Thursday, July 5, 2012
The wind beneath my wings....
My fellow 'betes bia, Cassie Giesberg, CDE is up to her shenanigans, again. She blew me away with this post she wrote on my behalf. I am so lucky for every single one of you and the endless support I have recieved from the diabetes community.
Yadda yadda yadda, sniffle, sniffle
An Open Letter…
To Whom It May Concern (insert interested party here):
Kelley Crumpler (Mrs. Crump, or “Crump”, as I like to call her) did not ask, goad, or threaten me at gunpoint to write this follow-up. I’m going to do it anyway, because I like Kelley and what she’s about, and I think she deserves to know she’s not alone here.
I “met” Crump after she “friended” me on Facebook a year or two ago. Since that time, I’ve come to know and really like the work that she does. In fact, I admire her for it. I admire her sticking out her tongue at diabetes every day, and saying, “eff you”, and letting others know that it’s okay to do that—as long as you get back on the horse and keep going after you’ve had your moment. I love that because she’s been a card-carrying member of the D-Club, she’s made a life effort into learning the science of diabetes and giving validity to the feelings that go along with having a chronic illness. And I love that she has never given up—even when it’s much easier to do so. She is passionate—a girl after my own heart. And she is not alone.
I, too, am very passionate about diabetes education—particularly with kids and their families. I firmly believe that education equals success. In my three years as a diabetes educator, I’ve seen countless kids and their families take a diagnosis that inspires fear, anger, and other negative emotions, and become empowered; these families are ready to “fight the good fight.” Likewise, I’ve seen kids who’ve given up on themselves—and everyone else has, too—and realize that they can do this. Not everyone is a success story, and I always knew that would be the case, but I definitely do think I gave these families something to think about.
I love being an educator. I love that feeling when I see the proverbial light bulb switch on, and people realize that they can be successful, but they’re also free to have their feelings about this condition—that those feelings are valid. I absolutely believe that with almost 30 years of personalT1 experience under my belt, I had a perspective that many educators don’t have the “advantage” of possessing—and that made me able to connect. Being an educator gave my life a lot of purpose; I realized that I could answer “Why me?” Because these families need someone who’s “been there, done that, bought the t-shirt, and lost it” and come out on the other side. I was happy to be that champion.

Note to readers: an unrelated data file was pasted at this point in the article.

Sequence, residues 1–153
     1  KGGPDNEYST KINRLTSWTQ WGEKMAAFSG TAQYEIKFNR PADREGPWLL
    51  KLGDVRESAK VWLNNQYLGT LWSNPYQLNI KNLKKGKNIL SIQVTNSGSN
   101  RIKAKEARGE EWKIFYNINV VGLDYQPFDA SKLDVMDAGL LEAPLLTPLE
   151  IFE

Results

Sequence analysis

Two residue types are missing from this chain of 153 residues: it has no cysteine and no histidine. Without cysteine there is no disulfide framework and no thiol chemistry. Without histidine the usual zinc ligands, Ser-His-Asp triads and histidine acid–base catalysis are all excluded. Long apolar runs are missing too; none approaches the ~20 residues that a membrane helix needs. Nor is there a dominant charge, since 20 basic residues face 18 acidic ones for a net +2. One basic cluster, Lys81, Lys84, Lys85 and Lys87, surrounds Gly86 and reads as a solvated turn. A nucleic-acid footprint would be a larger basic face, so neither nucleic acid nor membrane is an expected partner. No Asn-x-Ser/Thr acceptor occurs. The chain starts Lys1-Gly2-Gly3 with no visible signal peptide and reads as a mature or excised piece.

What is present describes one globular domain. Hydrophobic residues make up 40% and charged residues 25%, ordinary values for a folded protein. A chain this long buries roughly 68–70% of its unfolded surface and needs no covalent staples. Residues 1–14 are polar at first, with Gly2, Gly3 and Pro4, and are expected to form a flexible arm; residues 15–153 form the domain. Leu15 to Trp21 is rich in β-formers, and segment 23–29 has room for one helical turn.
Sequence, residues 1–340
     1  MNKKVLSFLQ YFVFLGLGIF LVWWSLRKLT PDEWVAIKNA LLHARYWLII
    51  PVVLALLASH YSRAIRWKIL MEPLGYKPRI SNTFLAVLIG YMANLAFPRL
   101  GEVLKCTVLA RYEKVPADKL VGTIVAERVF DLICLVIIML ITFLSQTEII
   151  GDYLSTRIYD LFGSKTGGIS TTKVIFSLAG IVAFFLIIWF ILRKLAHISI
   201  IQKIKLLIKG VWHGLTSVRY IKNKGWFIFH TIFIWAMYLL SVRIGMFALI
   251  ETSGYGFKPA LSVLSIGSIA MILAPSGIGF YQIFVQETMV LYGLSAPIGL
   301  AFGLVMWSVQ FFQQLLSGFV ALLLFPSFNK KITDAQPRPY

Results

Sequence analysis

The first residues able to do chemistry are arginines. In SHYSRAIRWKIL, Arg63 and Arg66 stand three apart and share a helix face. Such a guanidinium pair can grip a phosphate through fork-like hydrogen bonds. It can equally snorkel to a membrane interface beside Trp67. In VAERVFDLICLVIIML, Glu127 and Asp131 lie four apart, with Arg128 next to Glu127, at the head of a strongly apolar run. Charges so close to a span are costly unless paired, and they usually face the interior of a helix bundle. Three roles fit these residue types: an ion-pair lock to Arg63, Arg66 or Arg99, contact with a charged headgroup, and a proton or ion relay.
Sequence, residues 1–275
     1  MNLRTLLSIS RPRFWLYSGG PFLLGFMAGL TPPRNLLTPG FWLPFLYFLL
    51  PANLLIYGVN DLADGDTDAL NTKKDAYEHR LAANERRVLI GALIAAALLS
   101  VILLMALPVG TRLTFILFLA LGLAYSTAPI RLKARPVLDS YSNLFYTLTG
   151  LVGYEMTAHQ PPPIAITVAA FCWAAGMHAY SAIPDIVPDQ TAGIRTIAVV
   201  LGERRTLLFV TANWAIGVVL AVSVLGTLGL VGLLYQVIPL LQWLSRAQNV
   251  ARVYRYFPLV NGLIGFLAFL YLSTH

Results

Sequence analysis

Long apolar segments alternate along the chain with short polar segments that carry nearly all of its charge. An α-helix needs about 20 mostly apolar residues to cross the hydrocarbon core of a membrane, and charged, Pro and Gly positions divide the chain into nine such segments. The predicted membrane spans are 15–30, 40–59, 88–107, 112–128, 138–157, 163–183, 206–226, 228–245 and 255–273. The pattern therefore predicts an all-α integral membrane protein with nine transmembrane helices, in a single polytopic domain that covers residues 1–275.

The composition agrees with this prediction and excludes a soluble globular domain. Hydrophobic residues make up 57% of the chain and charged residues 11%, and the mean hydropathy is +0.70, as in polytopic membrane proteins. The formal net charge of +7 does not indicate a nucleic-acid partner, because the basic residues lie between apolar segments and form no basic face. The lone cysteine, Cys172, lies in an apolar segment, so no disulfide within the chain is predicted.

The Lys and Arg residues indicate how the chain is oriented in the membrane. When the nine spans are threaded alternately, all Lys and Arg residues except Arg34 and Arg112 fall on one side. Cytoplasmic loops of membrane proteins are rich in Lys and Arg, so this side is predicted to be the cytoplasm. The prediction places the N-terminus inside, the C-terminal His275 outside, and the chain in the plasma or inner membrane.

Unfortunately, even in the world of chronic conditions, there are politics. These politics are less concerned with education and its benefits, and more concerned with dollar signs. And when that happens, it’s not the providers, the administration, or even me that is directly affected: it’s the patients. This makes me furious.
In my own situation, I had been a devoted educator for almost three years. I don’t think that I, along with a few others, brought a new energy to an environment plentiful on low morale. I wanted to start support groups. I wanted to implement classes. I wanted to help people learn to take charge of their care so that when they entered the big, bad adult world, they would be prepared. I was shut down at almost every turn. It was one excuse after the other: “we don’t have the staff”, “we can’t do _______”, “we can’t bill for that.” The list goes on an on. The focus became such on turning a profit, that my life became a living hell. My health finally succumbed.
Long story short, I finally resigned. When I handed in my resignation, I was thanked for all my hard work, and asked to contact a local agency and let them know that I left of my own volition, “so we can have a working relationship”with said group. I did so with the knowledge that people aren’t stupid.
So I guess Kelley and I aren’t allowed to have any space to express our feelings—either about work or our own trials with diabetes or health issues. It’s not enough that we put in a workday dealing with diabetes, only to go home to deal with diabetes. I don’t say this is a self-pitying way, but only to put some perspective on the issue, and say how ludicrous it is that we can’t have our own space to vent in order to be healthy. What’s even worse is that people who have no idea what we do are more concerned with their own egos than what’s right for the people they serve. And there’s no amount of blood, sweat or tears that Kelley or I put in that can make up for the fact that those people are the ones who lose out in the end. My heart bleeds for them, a) because I feel like I failed them by giving up, and b) because I don’t know what they’re going to do for support.
For what it’s worth, Kelley, I support you. I’m proud to call you a colleague, and more importantly, a friend. I know you’ll keep finding ways to fight the good fight. If you need someone on your team, I’m here.
As you like to say, peace, love, 'betes,